Audrey McLoghlin’s shirt company, Frank & Eileen, is named after her Irish grandparents. And though her designs are sewn in California from Italian chambrays and other fabrics, McLoghlin’s Irish roots are woven into her business. “My parents emigrated to the States in the late 1970s and were the first in our family to make a huge sacrifice for the American dream. It’s something I’m so thankful for. And because of this, I felt the collection had to be made in the US–it’s my way of paying it forward.”
To celebrate Frank & Eileen’s five-year anniversary and burgeoning success, the company has just moved into a proper home–one that’s spread over 6,800 square feet and designed to evoke an old Irish country house. The showroom/office is the work of New York interior designer Melody Weir, who went shopping for old windows and chairs, and proceeded to create an astonishing stage set of sorts. The space is located on the top floor of the 1914 Lady Liberty Building, originally a billiard table factory and now converted into raw lofts for fashion showrooms. Filled with clever DIY solutions and off-the-rack finds, Weir’s “house” offers plenty of designs ideas worth replicating at home. Make yourself a cup of Irish breakfast and take a look.
Photographs by Torkil Stavdal.
Above: The space started as a wide-open loft with exposed brick and a buckling Sheetrock ceiling. After ripping out the Sheetrock (and applying six coats of paint to cover the rusty beams), Weir divided the setup into rooms by creating walls out of old windows. The center attraction is this grand hallway.
Weir scoured LA for large and small windows, and “hit the jackpot at the Pasadena Habitat for Humanity.” She made the tables, shown here, from old zinc warehouse fire doors set on white sawhorses. The hardwood floors are original to the factory.
Above: “A lovely man in LA, Mr. Lester Anderson, makes benches out of old chairs,” Weir says. “I worked with him and picked the chairs; we put three together, painted them gray, and made seat cushions out of Frank & Eileen shirt fabric.” The benches can be ordered on request at Melody Weir.
Above: The grand hall is 11 1/2 feet wide and 40 feet long. The glass bottles, known as demijohns, were purchased on eBay, Etsy, and online shop Italian Demijohn.
Above: A 20-foot-tall olive tree stands in the center of the grand hall. It’s positioned between the archive room and the showroom, both of which have doors built from extra-long windows.
Above: In the archive/design room, the full collection of Frank & Eileen’s shirts over the years are displayed on hangers suspended on jute twine hung from hooks in the ceiling. “I wanted the shirts to have a museum installation feel,” Weir says.
Above: Designers work in the archive room on Borges Zinc-Topped Tables by Zentique. Victory Pendant Lamps from CB2 hang from the 20-foot-high ceiling. The wall cabinets are made from Ikea’s Pax Wardrobes and Risdal doors.
Above: Frank & Eileen’s latest women’s and men’s collections are displayed on wooden dowels suspended from 1 1/2-inch marine rope. Go to Frank & Eileen to see the company’s designs.
Above L: A detail of the twine-tied rope. Weir made the hanging bars from closet dowels and capped them with wooden finials from a hardware store. Above R: Women’s belts are showcased on an old ladder against two-toned painted brick walls.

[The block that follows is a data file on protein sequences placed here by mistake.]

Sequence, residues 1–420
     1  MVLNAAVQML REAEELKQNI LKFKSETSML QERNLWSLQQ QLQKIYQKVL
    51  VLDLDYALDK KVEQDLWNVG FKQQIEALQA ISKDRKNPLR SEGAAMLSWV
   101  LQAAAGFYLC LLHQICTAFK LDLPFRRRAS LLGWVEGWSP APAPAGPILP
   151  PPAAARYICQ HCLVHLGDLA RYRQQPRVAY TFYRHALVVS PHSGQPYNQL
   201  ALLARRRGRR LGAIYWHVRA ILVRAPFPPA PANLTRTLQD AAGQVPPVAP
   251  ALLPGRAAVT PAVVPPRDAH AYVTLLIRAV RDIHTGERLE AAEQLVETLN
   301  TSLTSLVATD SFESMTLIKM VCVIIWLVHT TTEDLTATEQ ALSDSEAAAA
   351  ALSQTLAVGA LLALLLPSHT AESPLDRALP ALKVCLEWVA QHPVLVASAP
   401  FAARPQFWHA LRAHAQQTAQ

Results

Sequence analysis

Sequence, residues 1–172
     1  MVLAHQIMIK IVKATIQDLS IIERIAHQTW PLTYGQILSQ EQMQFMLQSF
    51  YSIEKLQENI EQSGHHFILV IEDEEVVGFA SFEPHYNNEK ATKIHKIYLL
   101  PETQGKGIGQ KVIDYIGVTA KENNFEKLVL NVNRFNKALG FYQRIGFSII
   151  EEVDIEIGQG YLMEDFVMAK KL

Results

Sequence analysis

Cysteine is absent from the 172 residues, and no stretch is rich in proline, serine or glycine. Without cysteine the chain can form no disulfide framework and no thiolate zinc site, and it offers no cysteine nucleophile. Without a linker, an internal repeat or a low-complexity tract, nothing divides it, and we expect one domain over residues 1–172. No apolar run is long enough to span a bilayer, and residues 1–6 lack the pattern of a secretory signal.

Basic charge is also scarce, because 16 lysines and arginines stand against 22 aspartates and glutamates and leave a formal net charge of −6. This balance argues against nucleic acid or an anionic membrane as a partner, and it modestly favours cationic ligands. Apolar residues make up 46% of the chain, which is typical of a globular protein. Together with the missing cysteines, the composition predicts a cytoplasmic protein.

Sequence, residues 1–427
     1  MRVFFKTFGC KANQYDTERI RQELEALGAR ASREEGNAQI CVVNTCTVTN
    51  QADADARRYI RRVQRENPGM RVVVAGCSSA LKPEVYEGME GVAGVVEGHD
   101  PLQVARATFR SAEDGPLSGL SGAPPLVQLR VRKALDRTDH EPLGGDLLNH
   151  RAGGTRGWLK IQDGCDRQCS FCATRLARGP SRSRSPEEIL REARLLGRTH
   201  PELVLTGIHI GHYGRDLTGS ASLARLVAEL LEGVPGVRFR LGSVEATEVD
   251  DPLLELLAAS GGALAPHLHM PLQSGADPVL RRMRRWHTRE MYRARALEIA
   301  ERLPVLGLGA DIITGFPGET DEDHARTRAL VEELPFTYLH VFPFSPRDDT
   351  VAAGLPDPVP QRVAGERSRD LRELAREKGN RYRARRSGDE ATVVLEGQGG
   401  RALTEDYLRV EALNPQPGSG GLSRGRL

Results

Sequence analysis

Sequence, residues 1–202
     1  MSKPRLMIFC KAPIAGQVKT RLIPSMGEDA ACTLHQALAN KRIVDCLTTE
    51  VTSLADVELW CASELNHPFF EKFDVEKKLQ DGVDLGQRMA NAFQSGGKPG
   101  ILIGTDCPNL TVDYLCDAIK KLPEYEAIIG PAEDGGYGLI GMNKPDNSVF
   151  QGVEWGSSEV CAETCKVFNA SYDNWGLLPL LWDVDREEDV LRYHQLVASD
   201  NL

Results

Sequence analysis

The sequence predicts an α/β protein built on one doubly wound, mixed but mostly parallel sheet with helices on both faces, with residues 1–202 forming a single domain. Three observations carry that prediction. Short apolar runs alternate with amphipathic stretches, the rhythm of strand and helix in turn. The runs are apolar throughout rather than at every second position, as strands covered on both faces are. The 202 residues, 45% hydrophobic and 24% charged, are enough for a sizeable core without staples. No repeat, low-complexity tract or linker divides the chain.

Above: Buyers who come to Frank & Eileen’s are offered tea and biscuits–and can take a seat at the in-house tea bar. “The counter is made from T111 plywood with eight-inch, on-center grooves,” Weir says. “It’s topped with Carrara marble.” She found the apothecary shelves at Olde Good Things in LA and painted them and the bar in a Farrow & Ball gray called Down Pipe. The Tea Canisters came from ABC Tea; Weir made the labels out of “Frank & Eileen shirt labels that we blew up and adhered to the tins.”
Above: The cafe table is a Habitat for Humanity find that Weir painted gray and positioned against the two-toned brick. To work well with Frank & Eileen’s pinstripes, Weir adhered to a palette of white, gray, and black throughout.
Above L: A wall of the tea bar is a Frank & Eileen scrapbook of sorts, decorated with what McLoghlin describes as “family photos, love letters, wedding announcements, and old Irish sayings.” Weir gathered the frames at flea markets. Above R: The metal and leather bar stools came from Olde Good Things.
Above: The dramatic dining room features a wall collage made from Frank & Eileen shirt fabrics mounted on poster board and glued onto two connected sheets of plywood. It’s the work of designer/maker Don McLoghlin, brother of Audrey. The windows came from Pasadena Architectural Salvage. The table is another Habitat for Humanity find that Weir painted gray and is surrounded by vintage bentwood chairs from Olde Good Things. The galvanized light came from the Fairfax Flea Market, in LA.
Above: The bathroom has beadboard wainscoting and a floor of light Carrara marble tiles from Home Depot. The sink is the Structure Lavatory and Pedestal Combo from Home Depot. Weir found the mirror at the Rose Bowl Flea Market and flanked it with Edison Caged Sconces from Restoration Hardware.
Above: Weir used old windows to build a house-like peaked entrance off the elevator.
Above: Rows of ivy, succulents, and other greenery are displayed on scaffolding. Weir reports that she got the shelves from Cornerstone Scaffolding: “We painted the poles with a Rustoleum rust-colored spray paint and painted the boards a medium gray.” The pots are tool and screw bins and wooden grout boxes from Olde Good Things. Presented in rows, they impart a country feel to the top of the loft building.